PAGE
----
Reflecting on 1619 for Black History Month

As I write this, there are members within the Harrisburg legislature determined to pull the threads of Black History from Democracy’s Colorful Quilt of Diversity, Equity and Inclusion.
Image courtesy of Shutterstock.

It is the time to reflect on 1619, when the first Africans set their feet on American soil. They were my ancestors. I identify as an African American even though half of my DNA traces to a few European nations. So . . . when someone had told me, “go back to Africa!” — I did . . . in 1999, I set my feet on the African soil of Ghana.

Prior to that, I’d never held a kinship to the Continent. Growing up in Doylestown where only a handful of ‘colored people’ lived, the awareness of my ancestral heritage was limited. At age 11 or 12, leafing through the pages of National Geographic Magazines, discovering black and white pictures of Africans with dark skin in loin cloth or tufts of grass covering their ‘privates’; and women with exposed breasts (always) adorned with necklaces of animal teeth or bone, staring at those images, I asked myself, Is that me? I had never realized my ancestral genealogy reached back to Africa.

Go Back and Get It

My August 12, 2020 blog post was entitled “Sankofa – the Ghanaian proverb meaning Go back and Get It. How ironic! When I went “back”, I returned to America with pride for my legacy. That post had described my African American cultural tour of Cape Coast Castle (now a designated historical site) built by the Swedes in 1653 to protect their plundered goods. The tour included a second castle which I now share for this Black History Month. Elmina Castle was built in 1482 by the Portuguese. Also a fort and designated historical site, this massive structure became the settlement where gold, timber, and later, Africans were plundered and shipped across the globe. Elmina has the distinction as the site of The Door of No Return, the last image Africans saw before herded onto ships. Although the Portuguese loaded Africans on the ship— Sau Joao Bautista, English pirates on The White Lion raided the Portuguese ship in the Gulf Coast (now Mexico) and carried some “twenty” Africans to the Virginia coast of what is now Hampton Roads. The year was 1619.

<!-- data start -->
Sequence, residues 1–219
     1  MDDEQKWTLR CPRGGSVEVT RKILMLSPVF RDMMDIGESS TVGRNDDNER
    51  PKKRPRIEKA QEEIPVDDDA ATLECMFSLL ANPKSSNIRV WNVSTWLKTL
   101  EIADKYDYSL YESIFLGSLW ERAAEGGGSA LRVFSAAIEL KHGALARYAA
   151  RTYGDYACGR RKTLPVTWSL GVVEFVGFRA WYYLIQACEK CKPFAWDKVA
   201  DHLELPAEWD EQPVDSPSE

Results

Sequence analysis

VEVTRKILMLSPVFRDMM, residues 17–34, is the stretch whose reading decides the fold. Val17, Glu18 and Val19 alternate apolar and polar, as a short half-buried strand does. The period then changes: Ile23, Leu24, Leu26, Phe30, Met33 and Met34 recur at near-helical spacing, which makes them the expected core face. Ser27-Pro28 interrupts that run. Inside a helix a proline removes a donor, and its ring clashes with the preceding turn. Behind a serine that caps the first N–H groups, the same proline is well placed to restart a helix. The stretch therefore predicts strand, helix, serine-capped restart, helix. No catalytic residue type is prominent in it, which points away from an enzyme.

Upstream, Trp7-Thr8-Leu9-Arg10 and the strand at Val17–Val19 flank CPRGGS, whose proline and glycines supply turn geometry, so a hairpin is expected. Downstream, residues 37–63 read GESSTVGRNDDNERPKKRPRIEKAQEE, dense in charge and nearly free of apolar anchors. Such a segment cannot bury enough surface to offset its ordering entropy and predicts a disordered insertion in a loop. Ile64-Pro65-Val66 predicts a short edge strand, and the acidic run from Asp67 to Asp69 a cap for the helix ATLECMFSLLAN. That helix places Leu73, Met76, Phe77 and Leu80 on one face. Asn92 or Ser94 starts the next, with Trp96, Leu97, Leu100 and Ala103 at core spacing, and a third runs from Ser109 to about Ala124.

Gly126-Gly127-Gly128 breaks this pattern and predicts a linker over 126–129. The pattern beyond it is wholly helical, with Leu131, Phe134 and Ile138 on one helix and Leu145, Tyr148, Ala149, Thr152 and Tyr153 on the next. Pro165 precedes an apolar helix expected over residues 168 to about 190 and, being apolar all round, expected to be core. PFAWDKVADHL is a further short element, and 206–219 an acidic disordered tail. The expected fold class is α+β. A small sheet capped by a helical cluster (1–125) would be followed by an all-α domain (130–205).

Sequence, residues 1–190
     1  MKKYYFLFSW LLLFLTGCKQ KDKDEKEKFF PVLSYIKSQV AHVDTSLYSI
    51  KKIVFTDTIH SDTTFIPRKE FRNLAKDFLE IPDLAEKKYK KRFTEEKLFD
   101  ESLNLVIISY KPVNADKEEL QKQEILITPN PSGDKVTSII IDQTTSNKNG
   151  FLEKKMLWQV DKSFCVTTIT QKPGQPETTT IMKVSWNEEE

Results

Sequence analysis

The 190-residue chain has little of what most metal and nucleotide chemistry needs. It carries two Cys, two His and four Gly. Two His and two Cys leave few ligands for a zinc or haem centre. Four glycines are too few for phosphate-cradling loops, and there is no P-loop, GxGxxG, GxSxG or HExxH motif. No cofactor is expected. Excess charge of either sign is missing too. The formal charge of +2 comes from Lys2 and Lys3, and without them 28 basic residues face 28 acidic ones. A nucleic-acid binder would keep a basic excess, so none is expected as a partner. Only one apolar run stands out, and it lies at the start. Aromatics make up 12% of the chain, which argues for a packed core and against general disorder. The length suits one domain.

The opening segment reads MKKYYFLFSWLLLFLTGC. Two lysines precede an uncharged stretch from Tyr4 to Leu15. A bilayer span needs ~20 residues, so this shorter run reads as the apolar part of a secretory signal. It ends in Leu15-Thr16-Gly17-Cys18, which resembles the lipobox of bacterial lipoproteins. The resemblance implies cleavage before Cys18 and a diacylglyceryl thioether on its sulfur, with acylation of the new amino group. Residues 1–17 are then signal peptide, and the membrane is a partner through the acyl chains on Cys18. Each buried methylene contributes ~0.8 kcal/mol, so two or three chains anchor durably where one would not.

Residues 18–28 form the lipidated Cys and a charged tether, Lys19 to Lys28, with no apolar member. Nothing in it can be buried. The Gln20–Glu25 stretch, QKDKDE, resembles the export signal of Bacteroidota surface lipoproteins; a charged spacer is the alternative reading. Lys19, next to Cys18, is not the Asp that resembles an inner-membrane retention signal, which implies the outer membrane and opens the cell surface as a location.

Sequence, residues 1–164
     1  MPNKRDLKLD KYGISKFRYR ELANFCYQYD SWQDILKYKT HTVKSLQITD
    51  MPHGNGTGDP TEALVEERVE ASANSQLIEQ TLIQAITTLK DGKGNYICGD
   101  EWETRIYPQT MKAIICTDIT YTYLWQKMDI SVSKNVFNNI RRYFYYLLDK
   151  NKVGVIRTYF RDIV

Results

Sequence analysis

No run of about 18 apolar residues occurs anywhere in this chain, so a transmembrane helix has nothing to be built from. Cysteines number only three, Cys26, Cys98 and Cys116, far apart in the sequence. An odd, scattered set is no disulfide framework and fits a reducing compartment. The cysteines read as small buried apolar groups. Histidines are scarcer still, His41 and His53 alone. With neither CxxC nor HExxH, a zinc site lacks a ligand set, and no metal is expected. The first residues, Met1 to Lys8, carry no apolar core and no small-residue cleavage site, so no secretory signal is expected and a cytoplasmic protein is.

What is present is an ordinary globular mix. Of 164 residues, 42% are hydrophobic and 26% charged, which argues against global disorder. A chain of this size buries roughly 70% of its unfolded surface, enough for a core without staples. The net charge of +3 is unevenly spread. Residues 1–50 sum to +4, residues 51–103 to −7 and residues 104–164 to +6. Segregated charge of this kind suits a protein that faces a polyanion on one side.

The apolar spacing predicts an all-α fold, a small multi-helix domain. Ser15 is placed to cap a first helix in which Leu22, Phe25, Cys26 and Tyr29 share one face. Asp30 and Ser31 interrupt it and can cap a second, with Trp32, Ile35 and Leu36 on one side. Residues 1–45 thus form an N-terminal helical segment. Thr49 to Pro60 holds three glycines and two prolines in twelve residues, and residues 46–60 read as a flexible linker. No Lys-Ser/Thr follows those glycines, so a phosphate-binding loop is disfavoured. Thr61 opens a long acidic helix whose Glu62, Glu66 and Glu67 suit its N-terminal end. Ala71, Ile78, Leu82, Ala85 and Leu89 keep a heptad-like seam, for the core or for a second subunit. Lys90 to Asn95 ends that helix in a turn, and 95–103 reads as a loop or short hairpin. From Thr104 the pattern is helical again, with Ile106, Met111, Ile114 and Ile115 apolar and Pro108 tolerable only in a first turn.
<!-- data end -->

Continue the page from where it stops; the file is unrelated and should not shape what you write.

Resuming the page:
Our docent for the Elmina tour led us into a cobblestoned patio enclosed on all sides by three levels of balconies. He pointed to the highest balcony—the headquarters of the fort’s Portuguese leader. “The Elmina governor lived there.” Then the docent pointed to a ground floor room with bars that filled the door frame. “Women were kept there. They birthed their babies in that room.”

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The docent described how the governor would lean on the railing from his 3rd floor porch, look down and order an underling to bring half a dozen women from the caged room. From above he would look at each of them and select one be brought to him. If the woman resisted, she was chained to a cannon ball which was secured in the cobblestone floor. I stared at the ball and wondered how many women had failed to free themselves to grind such a hole in the stone?